We did it, folks. College football officially starts tomorrow with Miami-Florida kicking things off before BYU takes on Utah next Thursday at LES. BYU stayed relatively healthy during fall camp, which is always one of the top goals. With camp now in the rearview mirror, we look at 5 of the biggest takeaways.
Zach Wilson is (*fingers crossed*) good to go and improved from last season
Zach Wilson’s surgically repaired right shoulder was the number one question heading into fall camp. After Wednesday’s scrimmage, Wilson declared himself 100% going into the season. All signs point to Wilson not being limited at all as to the throws he can make, but until he takes that first big hit — and more hits during the course of the season — we won’t know for sure how he’ll hold up for a full season.
As it stands now, Wilson is the unquestioned leader of the team and has brought an elevated sense of confidence. BYU’s success most depends on Zach.
The secondary is not as deep as we initially thought
Coming into the year, this looked like one of the deepest secondaries BYU had in years. Over the course of the offseason, however, BYU has seen a lot of defections. Seniors Chris Wilcox and Troy Warner did not participate in Fall Camp and are likely to redshirt. Cornerbacks Trevion Greene and Isaiah Armstrong transferred. Austin McChesney medically retired. 2019 JUCO signee Eric Ellison won’t enroll until 2020 semester. Keenan Ellis likely won’t play due to academics. If you lost count, that’s seven guys that would have contributed in 2019.
With all that turnover, Dayan Ghanwoloku moved from safety to CB to shore up depth there. Safety Austin Lee is one of the most important defensive players, but outside of those two there is a lot of youth and question marks. BYU’s two deep looks pretty solid at CB and safety, but a key injury or two will really hurt the defensive backfield.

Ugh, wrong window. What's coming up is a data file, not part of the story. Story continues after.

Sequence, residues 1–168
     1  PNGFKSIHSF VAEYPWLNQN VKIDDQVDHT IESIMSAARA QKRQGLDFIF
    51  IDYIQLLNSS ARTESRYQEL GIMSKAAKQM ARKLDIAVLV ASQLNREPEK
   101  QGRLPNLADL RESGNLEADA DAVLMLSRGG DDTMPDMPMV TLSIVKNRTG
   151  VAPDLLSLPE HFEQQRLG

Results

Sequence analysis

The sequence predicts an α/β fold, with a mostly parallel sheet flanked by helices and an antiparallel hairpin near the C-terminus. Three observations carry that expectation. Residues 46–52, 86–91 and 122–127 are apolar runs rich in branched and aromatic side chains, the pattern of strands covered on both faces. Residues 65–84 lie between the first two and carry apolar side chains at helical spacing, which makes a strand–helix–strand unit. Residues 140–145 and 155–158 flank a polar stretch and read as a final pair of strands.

Ty’Son Williams and Lopini Katoa will take the bulk of the carries
BYU’s running back group is the strongest its been since Jamaal Williams graduated in 2016. Sophomore Lopini Katoa looks to build on a promising freshman season when he ran for 423 yards and 8 touchdowns. Katoa has been overshadowed at times by the two graduate transfers, but he has put in work this offseason and all indications point to him being a big part of the offense.
Speaking of graduate transfers, South Carolina transfer Ty’Son Williams made a name for himself during Fall Camp and will no doubt be a key component of what BYU does. Williams may be the most explosive back in the group, and he is a good receiver and pass protector. Like Katoa, health is a concern for Williams, but he has the talent and opportunity to make a big impact.
Not to be slept on is Rice transfer Emmanuel Esukpa, who is a big, powerful back that can get those tough yards.
This could be BYU’s best offensive line of the Independence Era
BYU returns four main starters from 2018 and six guys total who started games last season. James Empey and Tristen Hoge look like future NFL guys on the interior of the line, and sophomore left tackle Brady Christensen brings experience to protect Wilson’s blind spot after starting all 13 games last year. Harris LaChance and Kieffer Longson figure to start at the other two spots, and Keanu Saleapaga and Thomas Shoaf each bring with them loads of starting experience. Chandon Herring also figures to factor in after playing in 12 games last year, meaning BYU looks to be comfortably 8 guys deep. This may not be one of the top offensive lines in the country, but compared to what BYU’s had the past 10-15 years, it is a quality line.
Pass rush is still a question mark
The sometimes lackluster pass rush may have been overblown last season — BYU did, after all, have a top 35 defense — but a consistent rush from the front four makes life for the whole defense easier. The interior of the line looks good with Khyiris Tonga, Lorenzo Fauatea, Bracken El-Bakri and Earl Tuioti-Mariner, but there are still questions on the outside. Corbin Kaufusi is gone, and BYU will have to find other guys to fill the pass-rushing void. The ever-steady Trajan Pili is back for his senior season, but he’s not a guy that’s going to consistently get after the QB. Zac Dawe, Devin Kaufusi and Uriah Leiataua have all shown flashes, but they are all largely unproven and will be asked to take on a bigger role.
Realistically, the interior of the line will have to generate more of a pass rush if BYU is to get more pressure on the QB.